5: Mitla, Town of Souls

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Oaxaca, Mexico
© L. Nicholas
Excavations Continue

From 1929 to 1933, the anthropologist Elsie Clews Parsons spent time in Mitla. Her visits were timed not only with the area’s destructive earthquake of 1931, but also with an era of relatively rapid change as new railroad and road connections between Mexico City and the Valley of Oaxaca introduced new technologies and products to the village dwellers of the region. Parsons published her studies of local life ways and folklore, Mitla: Town of Souls, in 1936, although the book and its numerous photographs were never translated into Spanish.

Today, we all went to the opening of a new temporary exhibition at the Mitla site museum that featured enlargements of the photographs in Parsons’ book. In finally bringing these historical images to Mitla, Mexico’s Institute of Anthropology and History has done a marvelous thing, since most people from Mitla have never seen these photos, nor are they aware of Parsons’ tome. In some cases, the images provide a chance for Mitleños to see a picture of a forebear for the first time!

Parsons entitled her book from an indigenous name of Mitla (Mitlan, “place of the dead” in the Nahuatl language of the Aztec). The name is derived from prehispanic accounts relating that late prehispanic rulers from other towns in the Valley of Oaxaca were buried in Mitla.

Although Mitla has at least 10,000 years of history, its most famous palatial ruins have long been recognized to date to the Postclassic period (ca. AD 900-1520). But, based on our recent work at the Mitla Fortress and studies led by Dr. Nelly Roblés García (INAH) in Mitla itself, we're starting to see that the Mitla palaces and the greatest importance of the site likely pertain to the first half of the Postclassic period (ca. AD 900-1250).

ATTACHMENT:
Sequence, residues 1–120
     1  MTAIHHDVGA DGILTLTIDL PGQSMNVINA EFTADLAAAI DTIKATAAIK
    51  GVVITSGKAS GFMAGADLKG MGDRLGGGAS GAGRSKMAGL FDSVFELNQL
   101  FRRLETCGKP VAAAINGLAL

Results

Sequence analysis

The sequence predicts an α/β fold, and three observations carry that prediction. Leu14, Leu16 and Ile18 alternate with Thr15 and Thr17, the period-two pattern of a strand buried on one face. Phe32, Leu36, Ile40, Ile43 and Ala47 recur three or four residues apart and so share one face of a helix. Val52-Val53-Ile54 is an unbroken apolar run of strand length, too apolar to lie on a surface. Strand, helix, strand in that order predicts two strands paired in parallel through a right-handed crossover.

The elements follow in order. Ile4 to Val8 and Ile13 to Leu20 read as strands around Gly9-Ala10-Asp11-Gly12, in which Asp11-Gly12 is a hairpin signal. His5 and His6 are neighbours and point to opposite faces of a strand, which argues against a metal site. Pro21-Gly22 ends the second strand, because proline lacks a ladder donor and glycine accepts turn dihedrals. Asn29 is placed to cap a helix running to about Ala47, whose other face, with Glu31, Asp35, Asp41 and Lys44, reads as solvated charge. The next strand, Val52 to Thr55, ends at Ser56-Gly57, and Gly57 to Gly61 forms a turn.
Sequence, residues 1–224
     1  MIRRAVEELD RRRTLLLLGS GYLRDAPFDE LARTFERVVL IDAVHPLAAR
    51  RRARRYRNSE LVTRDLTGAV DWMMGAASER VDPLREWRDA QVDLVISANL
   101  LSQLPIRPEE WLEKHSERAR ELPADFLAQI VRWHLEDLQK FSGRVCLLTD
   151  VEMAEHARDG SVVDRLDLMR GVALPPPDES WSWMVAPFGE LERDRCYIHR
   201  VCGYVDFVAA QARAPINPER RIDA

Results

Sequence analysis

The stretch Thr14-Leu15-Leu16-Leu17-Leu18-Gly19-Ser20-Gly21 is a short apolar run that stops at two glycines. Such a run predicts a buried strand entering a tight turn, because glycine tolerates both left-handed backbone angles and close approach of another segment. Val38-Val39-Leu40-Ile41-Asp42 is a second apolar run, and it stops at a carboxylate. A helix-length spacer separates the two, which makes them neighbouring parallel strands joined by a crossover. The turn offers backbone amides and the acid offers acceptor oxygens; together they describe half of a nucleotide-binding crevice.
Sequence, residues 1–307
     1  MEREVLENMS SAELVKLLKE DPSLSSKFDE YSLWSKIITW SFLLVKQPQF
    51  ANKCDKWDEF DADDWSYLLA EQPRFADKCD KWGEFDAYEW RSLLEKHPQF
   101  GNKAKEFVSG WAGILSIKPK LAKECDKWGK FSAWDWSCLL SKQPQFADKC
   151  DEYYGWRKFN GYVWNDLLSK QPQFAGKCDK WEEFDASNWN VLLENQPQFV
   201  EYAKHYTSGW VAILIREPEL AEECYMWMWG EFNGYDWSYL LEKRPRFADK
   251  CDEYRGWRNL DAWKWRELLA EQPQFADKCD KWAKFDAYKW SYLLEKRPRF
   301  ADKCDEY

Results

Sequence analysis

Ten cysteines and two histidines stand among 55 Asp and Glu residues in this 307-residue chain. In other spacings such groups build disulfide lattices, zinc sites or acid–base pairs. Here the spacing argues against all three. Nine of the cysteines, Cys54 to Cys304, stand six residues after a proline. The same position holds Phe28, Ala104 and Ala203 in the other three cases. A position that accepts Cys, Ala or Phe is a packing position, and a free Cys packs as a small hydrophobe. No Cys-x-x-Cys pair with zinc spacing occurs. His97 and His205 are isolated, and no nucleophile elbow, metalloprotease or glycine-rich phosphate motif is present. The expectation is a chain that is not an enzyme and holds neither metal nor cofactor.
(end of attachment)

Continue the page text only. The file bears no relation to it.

By the time the Spanish arrived, Mitla’s regional importance had waned a bit as other valley towns expanded their power. Mitla’s former grandeur may help account for the desire of later Postclassic leaders to be interred there, just as late prehispanic elites were added to an earlier tomb at Monte Albán, and just as the Aztecs conducted rituals at a former Basin of Mexico metropolis, Teotihuacan.

Last week, our attention at the Fortress was largely centered on the tomb as discussed in my last dispatch. Although we had hoped to turn our energies back to uncovering the architectural plan of the house on Terrace 276 that we're excavating, we were only half successful. Mitla: ciudad de los muertos (Mitla: city of the dead), as the local radio station intones, required us to refocus our efforts from defining rooms to studying the dead again.

Early in the week, we recovered two extended burials amidst the domestic architecture. And then on Friday, just when we thought we could marshal our attentions toward the deciphering of intricate changes made to the plan of the residence from one construction episode to the next (remodelings), we unexpectedly found three more burial contexts!

Of course, we learn a great deal from studying burials and their accompanying artifacts, nevertheless for proper study, significant time investments are needed in the field to expose and record them. So once more during the week ahead, as our excavation efforts by necessity will continue to be diffused, we'll be reminded of the prescience of Parsons’ title and its basis in Mitla’s history.

More soon,

© L. Nicholas
Burial 39
© L. Nicholas
Fortress View
© L. Nicholas
Picturesque Pitayo
© L. Nicholas
Our Cook